This novel is alchemised into true art by a poet’s vision that left me with questions I was compelled to ask again, and againby Kapka Kassabova / May 9, 2019 / Leave a comment
Quiet Flows the Una by Faruk Šehic
An invisible rule operates for writers: the right books turn up as soon as we set off on a new adventure. Sometimes before—because the subconscious knows what the conscious is yet to discover. Quiet Flows the Una arrived on my desk from the publisher just as I was contemplating war. What is war, how does it incubate, does it ever die once its demon is unleashed?
In his mesmeric autobiographical war novel, the Bosnian writer Faruk Šehic has created a complex paean to peace—embodied by the River Una of the protagonist’s childhood—while tracing the inner journey of a child thrust into apocalypse. The structural elegance of the novel—each chapter a scene from life at war and life at peace, respectively—makes the emotional weight of Šehic’s world bearable.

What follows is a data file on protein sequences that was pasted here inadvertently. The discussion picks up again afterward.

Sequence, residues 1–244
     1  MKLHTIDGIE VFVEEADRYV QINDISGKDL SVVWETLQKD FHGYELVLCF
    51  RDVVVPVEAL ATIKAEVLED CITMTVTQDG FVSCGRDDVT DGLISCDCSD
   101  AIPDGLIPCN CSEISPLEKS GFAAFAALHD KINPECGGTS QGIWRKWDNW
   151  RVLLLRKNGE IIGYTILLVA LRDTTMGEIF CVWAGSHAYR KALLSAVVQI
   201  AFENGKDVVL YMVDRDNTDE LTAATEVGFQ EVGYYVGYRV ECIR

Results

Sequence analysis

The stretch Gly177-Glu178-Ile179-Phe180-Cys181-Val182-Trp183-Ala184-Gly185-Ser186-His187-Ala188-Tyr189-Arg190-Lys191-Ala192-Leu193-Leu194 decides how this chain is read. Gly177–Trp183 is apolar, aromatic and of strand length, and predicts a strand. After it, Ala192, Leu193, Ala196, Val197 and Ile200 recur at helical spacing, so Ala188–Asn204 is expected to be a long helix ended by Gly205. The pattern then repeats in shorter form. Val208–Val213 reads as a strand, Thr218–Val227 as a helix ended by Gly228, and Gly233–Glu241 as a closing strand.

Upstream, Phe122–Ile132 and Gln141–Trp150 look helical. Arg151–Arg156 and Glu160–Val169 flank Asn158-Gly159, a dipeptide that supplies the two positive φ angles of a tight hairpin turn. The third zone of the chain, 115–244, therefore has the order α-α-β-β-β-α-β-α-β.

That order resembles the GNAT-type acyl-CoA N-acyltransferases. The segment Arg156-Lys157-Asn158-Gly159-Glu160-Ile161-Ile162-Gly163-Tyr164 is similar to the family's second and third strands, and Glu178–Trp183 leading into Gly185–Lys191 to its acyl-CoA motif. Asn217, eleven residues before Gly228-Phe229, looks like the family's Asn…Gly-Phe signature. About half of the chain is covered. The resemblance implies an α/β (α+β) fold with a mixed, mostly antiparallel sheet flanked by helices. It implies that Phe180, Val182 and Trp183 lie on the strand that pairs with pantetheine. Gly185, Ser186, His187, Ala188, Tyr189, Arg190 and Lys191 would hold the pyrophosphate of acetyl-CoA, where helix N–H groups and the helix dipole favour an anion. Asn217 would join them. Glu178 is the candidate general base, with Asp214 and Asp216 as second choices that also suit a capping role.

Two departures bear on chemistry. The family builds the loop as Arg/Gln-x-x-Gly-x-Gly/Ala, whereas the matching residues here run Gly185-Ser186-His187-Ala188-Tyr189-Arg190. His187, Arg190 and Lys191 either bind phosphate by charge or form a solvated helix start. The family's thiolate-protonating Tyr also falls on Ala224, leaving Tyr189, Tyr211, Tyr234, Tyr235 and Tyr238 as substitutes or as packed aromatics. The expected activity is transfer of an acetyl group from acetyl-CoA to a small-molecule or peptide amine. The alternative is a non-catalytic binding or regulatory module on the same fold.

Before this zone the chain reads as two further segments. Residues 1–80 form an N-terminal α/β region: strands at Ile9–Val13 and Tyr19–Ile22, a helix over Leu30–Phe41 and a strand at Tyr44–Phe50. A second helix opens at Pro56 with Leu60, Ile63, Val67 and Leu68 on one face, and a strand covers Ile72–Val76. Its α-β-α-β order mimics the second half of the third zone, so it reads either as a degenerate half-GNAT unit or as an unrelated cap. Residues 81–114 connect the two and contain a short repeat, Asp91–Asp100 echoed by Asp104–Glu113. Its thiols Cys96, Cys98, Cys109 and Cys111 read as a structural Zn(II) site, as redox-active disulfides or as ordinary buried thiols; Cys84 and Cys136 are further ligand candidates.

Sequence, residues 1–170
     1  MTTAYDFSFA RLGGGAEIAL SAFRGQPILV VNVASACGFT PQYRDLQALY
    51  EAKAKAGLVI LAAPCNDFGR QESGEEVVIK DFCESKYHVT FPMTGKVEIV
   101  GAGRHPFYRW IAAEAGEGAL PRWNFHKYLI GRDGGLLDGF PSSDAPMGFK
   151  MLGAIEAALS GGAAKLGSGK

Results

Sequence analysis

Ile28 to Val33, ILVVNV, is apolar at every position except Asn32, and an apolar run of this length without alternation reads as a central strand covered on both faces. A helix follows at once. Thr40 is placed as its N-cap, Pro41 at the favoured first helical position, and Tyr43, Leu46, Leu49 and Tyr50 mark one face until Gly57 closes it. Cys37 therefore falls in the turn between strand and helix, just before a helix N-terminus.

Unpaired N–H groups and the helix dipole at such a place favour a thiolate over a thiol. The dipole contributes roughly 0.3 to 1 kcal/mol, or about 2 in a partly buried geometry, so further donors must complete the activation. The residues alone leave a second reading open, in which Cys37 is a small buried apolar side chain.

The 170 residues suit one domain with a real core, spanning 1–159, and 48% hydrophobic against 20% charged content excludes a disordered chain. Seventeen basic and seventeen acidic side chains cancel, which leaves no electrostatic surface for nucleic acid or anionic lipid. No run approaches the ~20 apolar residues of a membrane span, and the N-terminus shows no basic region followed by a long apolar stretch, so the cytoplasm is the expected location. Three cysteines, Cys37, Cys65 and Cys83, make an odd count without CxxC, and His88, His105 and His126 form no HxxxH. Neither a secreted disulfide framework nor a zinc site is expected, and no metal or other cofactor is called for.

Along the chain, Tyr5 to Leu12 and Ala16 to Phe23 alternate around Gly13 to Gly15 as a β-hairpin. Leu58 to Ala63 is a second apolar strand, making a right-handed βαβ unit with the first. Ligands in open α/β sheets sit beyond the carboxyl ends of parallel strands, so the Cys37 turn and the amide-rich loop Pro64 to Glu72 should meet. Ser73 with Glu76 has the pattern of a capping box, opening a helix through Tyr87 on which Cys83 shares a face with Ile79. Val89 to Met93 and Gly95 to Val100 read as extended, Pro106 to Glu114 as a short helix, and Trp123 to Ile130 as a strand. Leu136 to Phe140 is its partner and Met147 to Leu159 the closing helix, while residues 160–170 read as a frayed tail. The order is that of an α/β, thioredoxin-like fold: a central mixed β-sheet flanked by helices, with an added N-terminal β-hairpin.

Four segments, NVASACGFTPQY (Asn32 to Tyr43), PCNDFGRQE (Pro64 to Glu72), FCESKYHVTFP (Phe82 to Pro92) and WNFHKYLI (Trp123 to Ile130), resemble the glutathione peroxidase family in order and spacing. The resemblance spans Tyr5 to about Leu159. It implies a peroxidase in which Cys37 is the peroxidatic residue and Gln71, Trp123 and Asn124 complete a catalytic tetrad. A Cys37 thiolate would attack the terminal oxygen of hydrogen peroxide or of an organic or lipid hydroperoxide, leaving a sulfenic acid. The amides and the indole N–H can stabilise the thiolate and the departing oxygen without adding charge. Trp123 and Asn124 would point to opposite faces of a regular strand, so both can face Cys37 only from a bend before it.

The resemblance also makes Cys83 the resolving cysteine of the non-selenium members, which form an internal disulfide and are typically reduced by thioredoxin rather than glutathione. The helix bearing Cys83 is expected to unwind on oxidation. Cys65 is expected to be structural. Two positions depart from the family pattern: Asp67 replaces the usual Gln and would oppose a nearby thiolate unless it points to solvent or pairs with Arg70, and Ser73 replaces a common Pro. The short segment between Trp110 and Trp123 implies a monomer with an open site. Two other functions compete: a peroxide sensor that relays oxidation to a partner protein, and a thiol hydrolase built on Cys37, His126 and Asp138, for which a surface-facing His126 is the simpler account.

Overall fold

In one scene, the protagonist is in his riverine home, asking in a flash-forward to the “year-zero” of 1992 when the genocidal assault on Bosnia: “Why will there be nothing left but bare walls and gaping holes? “Who will make all the things from our flat vanish?”
Europe watched Bosnia burn for over three years, including the great Library of the University of Sarajevo. But the furious sorrow that fuels this novel is alchemised into true art by a poet’s vision that left me with questions I was compelled to ask again, and again, as I set out to write To The Lake: a Balkan Journey of War and Peace.
Kapka Kassabova talks to Misha Glenny about Border: A Journey to the Edge of Europe at the Oxfam Moot, Saturday 25th May, 1pm
Read more writers on the books that changed their lives